What happens when airline passengers refuse to wear masks
A passenger on a JetBlue flight from the Dominican Republic to New York refused to wear a face mask, threw food and an empty liquor bottle in the plane, shouted obscenities and hit a flight attendant in the arm, the Federal Aviation Administration said Wednesday. A passenger on a Southwest Airlines flight about to take off from Chicago to Sacramento also refused to wear a mask, called two flight attendants who ordered him off the plane “pathetic” and hit one of the crew members with his luggage as he walked off, the agency said writes Hugo Martin for the Los Angeles Times.
Image - Kent Nishimura / Los Angeles Times
And then there is the flier on an Alaska Airlines plane preparing to fly from Bozeman to Seattle who ignored repeated reminders to wear a mask, causing the plane to return to the gate, according to the FAA.
The incidents of passengers being unruly — ignoring crew members’ instructions, fighting and refusing to wear a mask — have been surging, according to the FAA, even while the number of Americans flying on commercial planes remains about 40% below pre-pandemic levels.
The rise comes despite a new federal law that makes wearing a mask on commercial flights mandatory, punishable by a fine of $250 for the first offense and up to $1,500 for repeat offenses. Before it became law, the nation’s airlines adopted mask-wearing policies, enforcing them by banning repeat offenders from flying. The federal mask mandate, which began February 1, was set to expire on May 11 but the U.S. Transportation Security Administration recently extended it until September 13.
“The physical and verbal abuse that flight attendants have been taking has been way off the charts,” Sara Nelson, president of the Association of Flight Attendants, told NBC News.
The rise also comes despite FAA Administrator Steve Dickson issuing a zero-tolerance order in January against unruly passengers. Instead of giving warnings or requiring unruly passengers to seek counselling, he said, violators will face criminal prosecution or fines of up to $35,000. The order took effect on March 30. “The FAA has recently observed a proliferation of such conduct,” he said in the order.
The FAA proposed civil penalties ranging from $9,000 to $32,750 against the passengers who the agency alleges refused to wear a mask and caused a ruckus in the incidents on JetBlue, Southwest and Alaska Airlines. Those incidents took place in January and February.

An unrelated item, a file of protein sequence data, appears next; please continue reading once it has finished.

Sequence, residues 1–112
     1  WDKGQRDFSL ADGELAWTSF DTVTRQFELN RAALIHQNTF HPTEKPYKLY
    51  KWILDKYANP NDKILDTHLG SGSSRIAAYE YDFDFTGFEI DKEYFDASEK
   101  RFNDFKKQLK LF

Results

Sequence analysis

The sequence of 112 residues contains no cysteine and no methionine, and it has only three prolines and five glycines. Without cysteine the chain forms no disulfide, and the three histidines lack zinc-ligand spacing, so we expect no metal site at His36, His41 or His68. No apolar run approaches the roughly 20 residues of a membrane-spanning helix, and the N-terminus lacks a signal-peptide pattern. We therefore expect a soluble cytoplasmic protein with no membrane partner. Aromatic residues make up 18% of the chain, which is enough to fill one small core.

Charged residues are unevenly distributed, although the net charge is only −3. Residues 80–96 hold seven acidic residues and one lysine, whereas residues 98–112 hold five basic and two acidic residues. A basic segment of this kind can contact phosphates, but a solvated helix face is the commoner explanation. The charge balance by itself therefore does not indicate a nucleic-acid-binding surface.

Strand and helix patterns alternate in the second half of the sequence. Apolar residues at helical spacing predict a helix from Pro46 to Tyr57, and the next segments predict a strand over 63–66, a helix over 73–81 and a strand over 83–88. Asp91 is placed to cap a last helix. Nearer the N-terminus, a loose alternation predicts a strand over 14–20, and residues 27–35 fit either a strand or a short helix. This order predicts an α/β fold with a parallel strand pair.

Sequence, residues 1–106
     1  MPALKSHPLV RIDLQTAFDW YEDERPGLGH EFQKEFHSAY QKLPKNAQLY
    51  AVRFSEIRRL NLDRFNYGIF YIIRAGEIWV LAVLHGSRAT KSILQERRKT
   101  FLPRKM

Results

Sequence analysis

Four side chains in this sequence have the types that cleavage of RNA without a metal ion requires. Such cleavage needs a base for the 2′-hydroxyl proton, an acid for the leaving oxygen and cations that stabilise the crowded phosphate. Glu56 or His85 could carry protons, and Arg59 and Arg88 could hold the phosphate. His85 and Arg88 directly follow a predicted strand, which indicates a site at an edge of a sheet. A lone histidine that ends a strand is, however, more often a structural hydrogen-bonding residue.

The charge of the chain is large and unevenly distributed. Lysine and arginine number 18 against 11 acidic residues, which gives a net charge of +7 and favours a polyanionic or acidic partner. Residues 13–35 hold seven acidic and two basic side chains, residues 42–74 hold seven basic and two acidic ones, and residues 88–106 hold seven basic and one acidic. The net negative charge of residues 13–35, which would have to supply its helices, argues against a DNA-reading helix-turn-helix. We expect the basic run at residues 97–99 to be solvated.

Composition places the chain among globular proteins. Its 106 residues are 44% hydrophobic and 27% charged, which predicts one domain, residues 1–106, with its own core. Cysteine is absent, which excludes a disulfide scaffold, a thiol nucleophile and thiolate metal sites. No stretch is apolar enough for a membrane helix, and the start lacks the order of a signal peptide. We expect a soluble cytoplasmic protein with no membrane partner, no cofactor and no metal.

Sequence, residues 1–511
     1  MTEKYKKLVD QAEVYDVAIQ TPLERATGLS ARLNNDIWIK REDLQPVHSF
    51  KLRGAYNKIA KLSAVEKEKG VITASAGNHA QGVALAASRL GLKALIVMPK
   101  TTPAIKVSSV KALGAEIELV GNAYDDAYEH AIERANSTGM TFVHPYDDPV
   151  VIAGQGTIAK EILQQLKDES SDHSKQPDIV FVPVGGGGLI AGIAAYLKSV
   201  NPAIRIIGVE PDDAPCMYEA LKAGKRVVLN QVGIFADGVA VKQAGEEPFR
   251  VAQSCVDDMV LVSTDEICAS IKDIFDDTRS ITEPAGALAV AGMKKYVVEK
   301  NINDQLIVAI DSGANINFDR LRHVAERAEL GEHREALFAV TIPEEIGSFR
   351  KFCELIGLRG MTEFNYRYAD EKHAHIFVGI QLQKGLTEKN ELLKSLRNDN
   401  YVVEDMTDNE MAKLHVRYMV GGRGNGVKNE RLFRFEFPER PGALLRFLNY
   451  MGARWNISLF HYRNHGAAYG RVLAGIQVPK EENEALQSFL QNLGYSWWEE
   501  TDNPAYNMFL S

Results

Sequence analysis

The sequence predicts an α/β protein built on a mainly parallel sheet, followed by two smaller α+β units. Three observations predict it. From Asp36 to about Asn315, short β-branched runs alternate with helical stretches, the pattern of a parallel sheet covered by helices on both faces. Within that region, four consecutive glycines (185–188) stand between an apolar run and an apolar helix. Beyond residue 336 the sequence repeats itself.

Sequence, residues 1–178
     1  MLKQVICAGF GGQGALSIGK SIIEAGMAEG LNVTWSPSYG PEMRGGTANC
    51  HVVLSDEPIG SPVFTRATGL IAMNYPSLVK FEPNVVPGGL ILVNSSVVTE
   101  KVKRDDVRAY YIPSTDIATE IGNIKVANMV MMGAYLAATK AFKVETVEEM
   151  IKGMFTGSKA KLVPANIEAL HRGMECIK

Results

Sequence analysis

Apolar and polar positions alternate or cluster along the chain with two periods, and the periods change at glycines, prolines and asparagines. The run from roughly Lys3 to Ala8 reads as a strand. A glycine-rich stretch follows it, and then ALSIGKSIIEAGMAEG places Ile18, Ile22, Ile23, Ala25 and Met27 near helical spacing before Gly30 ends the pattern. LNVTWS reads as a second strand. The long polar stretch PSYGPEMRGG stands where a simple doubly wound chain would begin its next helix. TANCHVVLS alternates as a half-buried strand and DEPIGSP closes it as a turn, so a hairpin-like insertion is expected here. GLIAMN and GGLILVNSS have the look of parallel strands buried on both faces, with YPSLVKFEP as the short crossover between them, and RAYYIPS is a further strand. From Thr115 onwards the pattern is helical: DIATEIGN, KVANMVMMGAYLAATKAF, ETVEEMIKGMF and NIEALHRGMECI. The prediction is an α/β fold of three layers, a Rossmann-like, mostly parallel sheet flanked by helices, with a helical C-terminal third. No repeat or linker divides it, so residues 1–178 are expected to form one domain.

In January, three passengers who disrupted three separate flights on JetBlue and SkyWest airlines face civil penalties of $14,500 to $31,750, the FAA said. In all three incidents, the FAA said the passengers drank alcohol — which they’d brought with them onto the plane — to excess, caused a scene and shouted obscenities. Each passenger was escorted off the plane by local police upon arrival. The passengers, whose names were not released, can appeal the fines to an administrative law judge for the National Transportation Safety Board.
The number of passengers who have been banned from the nation’s airlines continues to rise. Delta Air Lines appears to lead all U.S. carriers by putting on its internal no-fly list about 1,200 passengers who refused to wear a mask or became unruly on a plane. It is followed by Frontier Airlines with more than 830, United Airlines with about 750 and Alaska Airlines with 542. American Airlines and Southwest Airlines declined to disclose how many passengers they have banned. In September, Delta had only 270 passengers on its no-fly list, Frontier had 106, United had 150 and Alaska had 108.
The FAA typically enforces and imposes fines on up to 180 cases of unruly passengers a year. So far this year, the number of incidents referred by airlines to the FAA for enforcement has reached 1,300, with the FAA saying it has identified about 260 of those cases for potential enforcement. “There’s absolutely no question there has been an increase,” FAA spokesperson Ian Gregor said.
The rise in on-board incidents comes as airlines are starting to see a gradual increase in travel demand, thanks in part to the vaccine rollout, a drop in COVID-19 cases in several states, a loosening of local pandemic travel restrictions and the start of the peak summer travel season. Since mid-March, the number of travellers passing through TSA checkpoints in the nation’s airports has been consistently above 1 million a day, reaching a high of 1.6 million on Saturday, according to the TSA. On the same Saturday last year, with air travel down sharply because of the pandemic, about 170,000 people passed through TSA checkpoints. On the first Saturday of May in 2019, more than 2.1 million travellers passed through TSA checkpoints.
More recently, the FAA alleges that an American Airlines passenger assaulted a crew member on a flight from Miami to New York after refusing to wear a mask. Law enforcement officers met the plane when it landed, and American Airlines put the passenger on its no-fly list, the airline said.
And on March 17, three passengers on an American Airlines flight from Fort Lauderdale to Chicago were removed from the plane before take-off after refusing to wear masks. The flight was delayed, and after the passengers got back to the gate, a fight broke out in the terminal, the airline said. FAA officials say they have yet to complete investigations into these incidents.
© Hugo Martin / Los Angeles Times
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